Water conservation efforts to continue despite rain
Update from Paso Robles Mayor Steve Martin
–Well, it didn’t take long, but some folks say they have had enough rain already. The good news is our lakes are filling, the streams are running and aquifers are benefitting. Scientific folks say, however, it will take several wet winters to fully restore the aquifers and it’s likely the State of California will keep conservation mandates in places for awhile.
Locally, we continue to meet those usage mandates and plans are underway for the establishment of a groundwater management plan to meet the requirements of the Sustainable Groundwater Management Act (SGMA). Engineers are drawing up the designs for an addition to our new water treatment plant that will produce nearly as much recycled water as we currently pull from the underground aquifer. That addition should be finished in about 18 months. Concurrent with construction, we will design a “purple pipe” system to distribute the non-potable irrigation water.
One unwelcome effect of the rain is the continued damage to our city streets. We are making great progress using the General Fund, grants, and the citizen-approved sales tax override to repair our roads, but inclement weather creates flooding, flooding creates erosion, and erosion accelerates street damage. City crews have been working hard to keep all streets passable and patched.
The weather has slowed down the EEMP Grant Project along Riverside Avenue. Work along Riverside between 10th and 12th is almost complete. The sidewalk, driveway, curb and gutter along the west side of Riverside just south of 14th is complete. This will expand the right turn lane at southbound Riverside to 13th and should help the traffic congestion during peak hours. The area at 14th west of Riverside will be next. This project is funded partially with a $500,000 Environmental Enhancement Mitigation Program (EEMP) Grant from the State of California.
The Paso Robles City Council has approved plans for community input into proposed improvements to Creston Road. Citizens will be urged to participate in surveys and workshops to determine the nature and extent of improvements to assure the completed project meets their expectations. Watch for notices of opportunities to get involved.
The council has sent the rough Short-Term Rental ordinance to the Paso Robles Planning Commission for tweaking. The ordinance is the product of a broad-based citizens committee that has been studying the issue of short-term vacation rentals in residential neighborhoods. The committee reached a broad consensus on the terms of the ordinance. Citizens will have two more opportunities to weigh in, one at the planning commission and another when the finished ordinance returns to the council. Keep an eye of agendas posted at www.prcity.com for dates.
City maintenance staff have worked to enrich the city library’s entry space by adding a splash of color. This particular project was completed with absolutely no interruption to service. Meanwhile, the city’s library volunteer program has been recognized as one of California’s most innovative models of volunteerism in library service by the library academy, an intensive training program for library volunteers.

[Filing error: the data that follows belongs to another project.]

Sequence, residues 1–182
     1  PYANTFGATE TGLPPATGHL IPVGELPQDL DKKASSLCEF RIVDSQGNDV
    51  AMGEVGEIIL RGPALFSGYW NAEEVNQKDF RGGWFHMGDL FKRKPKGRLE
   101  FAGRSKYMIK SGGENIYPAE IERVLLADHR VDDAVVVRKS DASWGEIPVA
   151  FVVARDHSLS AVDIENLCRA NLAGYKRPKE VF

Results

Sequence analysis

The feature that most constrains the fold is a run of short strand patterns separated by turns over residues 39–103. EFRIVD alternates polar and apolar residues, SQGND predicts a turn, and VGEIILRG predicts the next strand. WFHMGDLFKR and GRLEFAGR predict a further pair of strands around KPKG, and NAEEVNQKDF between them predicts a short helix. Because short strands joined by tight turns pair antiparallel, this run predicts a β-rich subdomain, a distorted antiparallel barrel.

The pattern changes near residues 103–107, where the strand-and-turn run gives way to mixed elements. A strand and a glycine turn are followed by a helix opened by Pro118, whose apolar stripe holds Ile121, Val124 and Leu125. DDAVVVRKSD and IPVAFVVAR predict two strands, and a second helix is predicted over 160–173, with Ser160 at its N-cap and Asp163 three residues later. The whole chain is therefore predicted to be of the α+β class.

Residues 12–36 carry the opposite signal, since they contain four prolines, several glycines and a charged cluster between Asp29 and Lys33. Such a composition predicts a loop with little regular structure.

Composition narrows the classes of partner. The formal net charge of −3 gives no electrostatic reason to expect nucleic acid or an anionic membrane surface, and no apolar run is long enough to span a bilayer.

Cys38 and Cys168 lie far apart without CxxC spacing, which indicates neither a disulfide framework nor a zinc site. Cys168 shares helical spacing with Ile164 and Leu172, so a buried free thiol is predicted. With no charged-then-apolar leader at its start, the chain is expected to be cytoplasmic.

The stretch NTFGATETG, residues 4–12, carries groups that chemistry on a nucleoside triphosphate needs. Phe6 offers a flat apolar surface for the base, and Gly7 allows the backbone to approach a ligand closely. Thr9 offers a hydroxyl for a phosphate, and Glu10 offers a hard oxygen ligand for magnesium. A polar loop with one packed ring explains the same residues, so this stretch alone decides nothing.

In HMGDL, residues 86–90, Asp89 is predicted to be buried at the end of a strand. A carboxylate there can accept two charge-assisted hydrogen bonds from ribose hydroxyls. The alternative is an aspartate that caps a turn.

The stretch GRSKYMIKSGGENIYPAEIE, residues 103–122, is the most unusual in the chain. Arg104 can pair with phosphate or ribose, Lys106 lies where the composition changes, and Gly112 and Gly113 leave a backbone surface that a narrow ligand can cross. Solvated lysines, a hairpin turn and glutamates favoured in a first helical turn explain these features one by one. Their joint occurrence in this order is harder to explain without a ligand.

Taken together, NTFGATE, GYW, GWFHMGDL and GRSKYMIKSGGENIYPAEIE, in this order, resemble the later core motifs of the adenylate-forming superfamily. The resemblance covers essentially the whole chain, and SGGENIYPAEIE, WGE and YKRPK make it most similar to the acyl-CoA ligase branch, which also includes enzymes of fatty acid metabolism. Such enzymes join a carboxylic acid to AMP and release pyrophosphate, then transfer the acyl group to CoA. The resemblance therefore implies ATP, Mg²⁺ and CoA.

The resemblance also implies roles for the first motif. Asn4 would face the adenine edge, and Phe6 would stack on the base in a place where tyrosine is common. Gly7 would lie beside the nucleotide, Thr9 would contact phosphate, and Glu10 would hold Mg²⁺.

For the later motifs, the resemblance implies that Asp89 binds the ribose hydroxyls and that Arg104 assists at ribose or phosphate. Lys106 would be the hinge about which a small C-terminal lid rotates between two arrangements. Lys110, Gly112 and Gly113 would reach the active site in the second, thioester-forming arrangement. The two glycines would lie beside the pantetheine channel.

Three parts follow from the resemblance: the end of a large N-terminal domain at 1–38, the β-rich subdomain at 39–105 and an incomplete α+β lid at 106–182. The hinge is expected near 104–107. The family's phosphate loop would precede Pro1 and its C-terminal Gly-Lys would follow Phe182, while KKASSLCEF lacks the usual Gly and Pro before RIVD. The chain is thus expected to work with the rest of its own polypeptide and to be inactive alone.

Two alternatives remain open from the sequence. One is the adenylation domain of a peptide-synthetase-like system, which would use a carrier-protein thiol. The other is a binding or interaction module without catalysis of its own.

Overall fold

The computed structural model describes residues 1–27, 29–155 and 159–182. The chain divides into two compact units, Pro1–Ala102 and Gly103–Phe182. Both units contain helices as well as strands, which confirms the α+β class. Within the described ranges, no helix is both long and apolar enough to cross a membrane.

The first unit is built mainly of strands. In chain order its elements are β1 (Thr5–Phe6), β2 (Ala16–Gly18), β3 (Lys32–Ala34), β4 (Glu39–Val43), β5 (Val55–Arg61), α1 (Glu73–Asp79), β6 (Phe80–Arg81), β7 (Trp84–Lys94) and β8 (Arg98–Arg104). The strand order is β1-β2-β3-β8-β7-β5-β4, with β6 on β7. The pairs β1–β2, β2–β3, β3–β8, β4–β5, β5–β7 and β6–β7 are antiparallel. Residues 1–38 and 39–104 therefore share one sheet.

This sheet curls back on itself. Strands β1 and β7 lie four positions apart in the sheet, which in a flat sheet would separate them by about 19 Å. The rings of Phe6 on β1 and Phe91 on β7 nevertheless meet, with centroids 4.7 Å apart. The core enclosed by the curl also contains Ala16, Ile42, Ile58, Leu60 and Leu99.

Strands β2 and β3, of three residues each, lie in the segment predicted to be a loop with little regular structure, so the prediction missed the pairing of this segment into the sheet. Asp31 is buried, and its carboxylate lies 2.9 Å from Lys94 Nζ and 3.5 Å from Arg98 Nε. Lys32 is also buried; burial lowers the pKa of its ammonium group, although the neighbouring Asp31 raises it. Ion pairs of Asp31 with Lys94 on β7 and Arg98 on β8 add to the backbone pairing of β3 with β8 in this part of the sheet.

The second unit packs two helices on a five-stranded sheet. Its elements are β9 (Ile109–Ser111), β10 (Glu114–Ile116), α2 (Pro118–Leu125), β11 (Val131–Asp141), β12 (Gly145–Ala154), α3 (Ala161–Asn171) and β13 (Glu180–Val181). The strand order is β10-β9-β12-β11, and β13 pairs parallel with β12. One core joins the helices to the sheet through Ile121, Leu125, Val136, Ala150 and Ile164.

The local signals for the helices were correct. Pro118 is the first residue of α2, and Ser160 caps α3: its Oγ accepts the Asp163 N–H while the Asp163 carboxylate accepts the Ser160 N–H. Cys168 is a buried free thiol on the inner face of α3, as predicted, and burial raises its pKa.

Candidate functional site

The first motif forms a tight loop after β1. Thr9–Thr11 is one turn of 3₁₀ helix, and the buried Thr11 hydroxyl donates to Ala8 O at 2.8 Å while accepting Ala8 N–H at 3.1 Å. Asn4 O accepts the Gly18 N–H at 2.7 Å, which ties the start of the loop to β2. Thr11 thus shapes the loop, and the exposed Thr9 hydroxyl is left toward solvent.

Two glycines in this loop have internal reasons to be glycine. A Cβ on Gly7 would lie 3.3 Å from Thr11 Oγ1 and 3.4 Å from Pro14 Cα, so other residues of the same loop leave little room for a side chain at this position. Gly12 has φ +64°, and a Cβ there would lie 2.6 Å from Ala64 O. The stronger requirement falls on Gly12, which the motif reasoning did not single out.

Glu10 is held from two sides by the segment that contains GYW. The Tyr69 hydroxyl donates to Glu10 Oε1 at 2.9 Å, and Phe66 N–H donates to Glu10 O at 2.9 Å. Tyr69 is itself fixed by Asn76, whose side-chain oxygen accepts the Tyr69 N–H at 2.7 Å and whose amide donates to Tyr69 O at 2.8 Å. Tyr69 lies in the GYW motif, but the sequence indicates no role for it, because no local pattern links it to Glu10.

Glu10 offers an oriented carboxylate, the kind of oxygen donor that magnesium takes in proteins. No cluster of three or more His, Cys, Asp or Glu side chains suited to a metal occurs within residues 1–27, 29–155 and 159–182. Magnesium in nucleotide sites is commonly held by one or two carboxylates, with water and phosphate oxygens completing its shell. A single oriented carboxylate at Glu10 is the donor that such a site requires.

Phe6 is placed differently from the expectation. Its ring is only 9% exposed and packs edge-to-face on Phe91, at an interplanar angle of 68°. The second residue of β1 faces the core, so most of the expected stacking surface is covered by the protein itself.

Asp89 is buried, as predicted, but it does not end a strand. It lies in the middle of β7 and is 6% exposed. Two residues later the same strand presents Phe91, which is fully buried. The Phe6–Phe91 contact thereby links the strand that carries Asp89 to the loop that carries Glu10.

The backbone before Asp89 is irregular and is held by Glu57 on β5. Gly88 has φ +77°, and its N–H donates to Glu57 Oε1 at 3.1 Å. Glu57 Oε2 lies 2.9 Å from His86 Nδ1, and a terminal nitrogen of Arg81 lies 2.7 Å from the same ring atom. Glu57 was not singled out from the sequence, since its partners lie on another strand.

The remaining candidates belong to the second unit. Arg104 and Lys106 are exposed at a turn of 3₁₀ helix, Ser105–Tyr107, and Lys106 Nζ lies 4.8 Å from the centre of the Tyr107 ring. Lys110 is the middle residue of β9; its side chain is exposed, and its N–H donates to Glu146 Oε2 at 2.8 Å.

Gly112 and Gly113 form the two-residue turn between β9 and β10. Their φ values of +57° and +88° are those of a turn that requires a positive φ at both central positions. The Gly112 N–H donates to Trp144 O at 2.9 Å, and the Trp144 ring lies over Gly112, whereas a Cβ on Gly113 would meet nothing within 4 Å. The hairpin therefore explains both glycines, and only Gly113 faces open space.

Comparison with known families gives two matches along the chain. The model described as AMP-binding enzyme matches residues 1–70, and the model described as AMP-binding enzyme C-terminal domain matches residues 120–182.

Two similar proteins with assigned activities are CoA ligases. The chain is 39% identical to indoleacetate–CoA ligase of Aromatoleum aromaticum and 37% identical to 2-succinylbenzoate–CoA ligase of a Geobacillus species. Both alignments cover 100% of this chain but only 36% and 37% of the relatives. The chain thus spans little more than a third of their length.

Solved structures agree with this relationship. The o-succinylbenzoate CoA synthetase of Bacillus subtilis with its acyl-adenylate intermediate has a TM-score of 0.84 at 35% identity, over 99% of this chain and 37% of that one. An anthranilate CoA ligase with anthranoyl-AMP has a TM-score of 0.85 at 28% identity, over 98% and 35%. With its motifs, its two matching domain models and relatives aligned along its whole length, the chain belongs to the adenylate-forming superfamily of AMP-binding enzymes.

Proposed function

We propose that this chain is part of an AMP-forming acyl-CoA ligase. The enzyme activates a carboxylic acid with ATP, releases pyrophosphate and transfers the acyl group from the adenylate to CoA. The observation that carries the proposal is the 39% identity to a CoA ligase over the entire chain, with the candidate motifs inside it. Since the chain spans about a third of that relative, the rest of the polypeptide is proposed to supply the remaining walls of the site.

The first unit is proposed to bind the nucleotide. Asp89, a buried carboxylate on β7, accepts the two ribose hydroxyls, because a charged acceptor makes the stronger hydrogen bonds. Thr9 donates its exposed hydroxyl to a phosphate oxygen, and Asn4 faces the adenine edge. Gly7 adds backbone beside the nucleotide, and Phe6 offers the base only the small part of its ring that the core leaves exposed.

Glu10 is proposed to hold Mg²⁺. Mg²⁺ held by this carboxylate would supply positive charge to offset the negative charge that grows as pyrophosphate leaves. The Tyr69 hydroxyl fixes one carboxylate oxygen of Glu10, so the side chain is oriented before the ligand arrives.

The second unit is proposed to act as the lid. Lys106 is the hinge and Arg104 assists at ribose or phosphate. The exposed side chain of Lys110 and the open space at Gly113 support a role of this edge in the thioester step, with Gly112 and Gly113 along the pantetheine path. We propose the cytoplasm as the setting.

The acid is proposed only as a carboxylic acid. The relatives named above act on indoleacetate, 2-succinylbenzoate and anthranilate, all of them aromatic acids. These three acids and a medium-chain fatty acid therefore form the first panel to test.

I met with law enforcement, city staff, school representatives and a member of the public recently to discuss the hazard of discarded drug paraphernalia in city parks. I called the meeting after a local child handled a discarded syringe and received a needle prick. We are putting together a multi-prong program to address the issue. The program will contain elements of prevention, education and community involvement. If you are interested please drop me a line at firstname.lastname@example.org.
Speaking of drugs, the city manager continues to work with local residents to draw up guidelines for the distribution and use of medical marijuana usage. As far as recreational use goes, the city continues to prohibit brick-and-mortar outlets. The debate will, no doubt, continue regarding the impacts of recent legislation making recreational use legal.
The council has approved recruitment efforts to locate an interim Fire Chief and Battalion Chief for the Emergency Services Department. Once this is accomplished we can return to major planning efforts to address emergency services needs for our growing community.
On Feb. 1, representatives of the Paso Robles Police Department met with residents of the Paso Robles Housing Authority to discuss community outreach and crime prevention. Topics included concerns about drugs, gangs and graffiti. If your neighborhood would like such a meeting please contact Detective Eric Azarvand at (805) 227-7424.
On Friday, Feb. 3, the City of Paso Robles hosted the monthly San Luis Obispo County Mayors’ Meeting. We met at the Pioneer Museum on Riverside Avenue. The Mayors from the seven cities in our County were joined by First District Supervisor John Peschong and representatives from the League of California Cities and the office of State Assemblyman Jordan Cunningham.
That’s a taste of what’s going on in our city. If you have concerns, questions or suggestions please send them to me at email@example.com.
Steven W. Martin
Mayor, City of Paso Robles
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